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You may be lucky enough to work for an organisation with in-house editors who can hone and polish your written communications. More likely, your team will have the task of writing, editing, and proofreading all your written communications themselves without the help of a professional editor. If this is becoming too time consuming, or you are not achieving the results you need, consider outsourcing the editing and proofreading.

What is the editor’s role?

Editors are responsible for checking facts, spelling, grammar, and punctuation, and ensuring the document corresponds with your organisation’s style guide. An editor may move information to create a more logical flow and cut repetition. They will also be able to smooth out inconsistencies in style and tone to ensure the communication has one ‘voice’.

Handing over your work to an outside editor may feel as though you are relinquishing control of it. Some people do find it disconcerting to have an editor change the words they have so painstakingly put on the page. You may have also become attached to the way you have written something and can’t imagine it being written any other way.

The goal of editing is to enhance a communication, not detract from it. Although it’s ultimately your choice whether you accept your editor’s recommendations, it’s important to keep an open mind. Through clever use of words, a professional editor can transform a communication and give it greater impact.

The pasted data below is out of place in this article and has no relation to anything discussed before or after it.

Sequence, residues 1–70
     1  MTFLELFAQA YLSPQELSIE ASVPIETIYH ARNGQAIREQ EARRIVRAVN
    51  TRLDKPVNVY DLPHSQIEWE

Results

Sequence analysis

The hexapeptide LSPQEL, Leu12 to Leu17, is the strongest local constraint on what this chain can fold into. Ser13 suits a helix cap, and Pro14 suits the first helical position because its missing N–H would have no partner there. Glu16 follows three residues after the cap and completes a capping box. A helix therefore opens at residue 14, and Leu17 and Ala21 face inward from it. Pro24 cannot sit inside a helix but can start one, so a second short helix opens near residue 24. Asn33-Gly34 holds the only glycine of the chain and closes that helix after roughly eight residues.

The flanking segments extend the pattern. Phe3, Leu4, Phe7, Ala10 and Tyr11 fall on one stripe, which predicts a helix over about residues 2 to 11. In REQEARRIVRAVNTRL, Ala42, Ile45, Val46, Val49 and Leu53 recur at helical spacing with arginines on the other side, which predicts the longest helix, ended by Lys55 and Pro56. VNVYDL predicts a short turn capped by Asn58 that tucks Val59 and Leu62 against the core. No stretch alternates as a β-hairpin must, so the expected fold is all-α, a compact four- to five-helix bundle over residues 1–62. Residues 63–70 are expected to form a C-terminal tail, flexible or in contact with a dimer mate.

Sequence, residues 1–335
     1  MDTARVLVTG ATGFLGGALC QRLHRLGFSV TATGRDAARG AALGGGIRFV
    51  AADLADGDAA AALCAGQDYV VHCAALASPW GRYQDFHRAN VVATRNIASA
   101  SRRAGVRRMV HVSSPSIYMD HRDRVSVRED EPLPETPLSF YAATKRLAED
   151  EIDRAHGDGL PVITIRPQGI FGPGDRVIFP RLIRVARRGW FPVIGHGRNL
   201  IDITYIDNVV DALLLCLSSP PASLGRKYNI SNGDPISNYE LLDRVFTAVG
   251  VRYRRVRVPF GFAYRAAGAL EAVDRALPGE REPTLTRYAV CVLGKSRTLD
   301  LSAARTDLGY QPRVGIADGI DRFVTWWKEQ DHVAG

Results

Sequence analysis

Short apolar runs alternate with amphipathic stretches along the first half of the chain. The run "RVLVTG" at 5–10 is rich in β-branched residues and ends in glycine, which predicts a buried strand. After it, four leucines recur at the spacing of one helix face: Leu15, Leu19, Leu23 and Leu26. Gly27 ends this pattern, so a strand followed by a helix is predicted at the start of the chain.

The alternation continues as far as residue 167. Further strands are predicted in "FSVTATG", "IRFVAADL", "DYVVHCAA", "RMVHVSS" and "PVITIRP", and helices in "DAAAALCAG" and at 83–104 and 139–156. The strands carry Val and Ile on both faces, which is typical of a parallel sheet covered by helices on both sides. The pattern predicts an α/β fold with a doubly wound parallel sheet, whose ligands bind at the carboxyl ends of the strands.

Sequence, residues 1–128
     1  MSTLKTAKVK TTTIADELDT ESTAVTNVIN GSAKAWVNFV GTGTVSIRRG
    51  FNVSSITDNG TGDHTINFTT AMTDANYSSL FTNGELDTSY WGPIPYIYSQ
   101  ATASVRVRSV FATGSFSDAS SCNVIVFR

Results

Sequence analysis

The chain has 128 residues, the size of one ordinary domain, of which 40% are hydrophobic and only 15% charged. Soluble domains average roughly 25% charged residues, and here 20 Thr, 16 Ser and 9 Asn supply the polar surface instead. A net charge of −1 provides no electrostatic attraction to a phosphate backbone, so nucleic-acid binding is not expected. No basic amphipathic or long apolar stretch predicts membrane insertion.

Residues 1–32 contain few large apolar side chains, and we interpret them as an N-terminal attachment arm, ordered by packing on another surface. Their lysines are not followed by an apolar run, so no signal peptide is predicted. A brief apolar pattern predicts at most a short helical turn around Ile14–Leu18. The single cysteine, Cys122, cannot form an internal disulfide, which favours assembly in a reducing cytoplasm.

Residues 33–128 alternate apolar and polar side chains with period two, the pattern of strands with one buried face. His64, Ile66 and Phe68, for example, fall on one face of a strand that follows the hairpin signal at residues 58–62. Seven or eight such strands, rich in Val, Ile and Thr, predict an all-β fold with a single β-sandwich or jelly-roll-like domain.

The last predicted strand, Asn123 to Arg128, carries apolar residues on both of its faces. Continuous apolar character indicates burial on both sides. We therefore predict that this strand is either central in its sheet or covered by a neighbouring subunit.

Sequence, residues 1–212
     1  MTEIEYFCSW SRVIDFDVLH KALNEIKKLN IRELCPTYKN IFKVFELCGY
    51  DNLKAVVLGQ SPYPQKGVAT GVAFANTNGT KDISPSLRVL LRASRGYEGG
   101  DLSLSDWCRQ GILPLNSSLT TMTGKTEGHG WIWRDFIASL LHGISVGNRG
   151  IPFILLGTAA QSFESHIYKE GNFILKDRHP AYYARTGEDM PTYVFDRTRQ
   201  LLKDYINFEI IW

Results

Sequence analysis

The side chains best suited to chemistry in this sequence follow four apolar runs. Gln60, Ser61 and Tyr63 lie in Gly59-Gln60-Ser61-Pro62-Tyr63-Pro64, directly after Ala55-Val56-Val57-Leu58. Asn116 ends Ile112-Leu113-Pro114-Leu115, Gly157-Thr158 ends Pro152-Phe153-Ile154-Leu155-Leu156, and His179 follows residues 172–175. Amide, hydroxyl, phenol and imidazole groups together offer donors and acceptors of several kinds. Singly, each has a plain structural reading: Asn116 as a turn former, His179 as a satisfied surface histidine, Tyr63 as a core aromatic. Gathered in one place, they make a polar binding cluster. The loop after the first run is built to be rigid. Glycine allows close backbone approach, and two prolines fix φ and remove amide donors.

What can I expect from my editor?

Whether you are writing a publication on behalf of your organisation or a communication that will carry your name, a good working relationship with your editor is critical. Although a good editor will not hold back from making the needed changes for fear of offending you, the least you can expect is that they are respectful and diplomatic in any communications with you. It’s equally important that you respect that your editor has the expertise you may not have.

Every change an editor makes should be done for a reason, such as to make a sentence more concise, give it more impact or correct a grammatical error. Try not to take edits to your work personally – your editor is not being critical of your knowledge or subject matter expertise. Rather, their focus is on making sure your communication is professional and written in a way your reader can easily understand.

Technical editing expertise is important, but you also need to trust that your editor will handle your words with care and respect. Like finding the right doctor, hairdresser or personal trainer, if the relationship with your outsourced editor isn’t working, it may be time to look for another provider.

For all your written communication needs, contact Concise Writing Consultancy today on 02 9238 6638 or email patricia.hoyle@concisewriting.com.au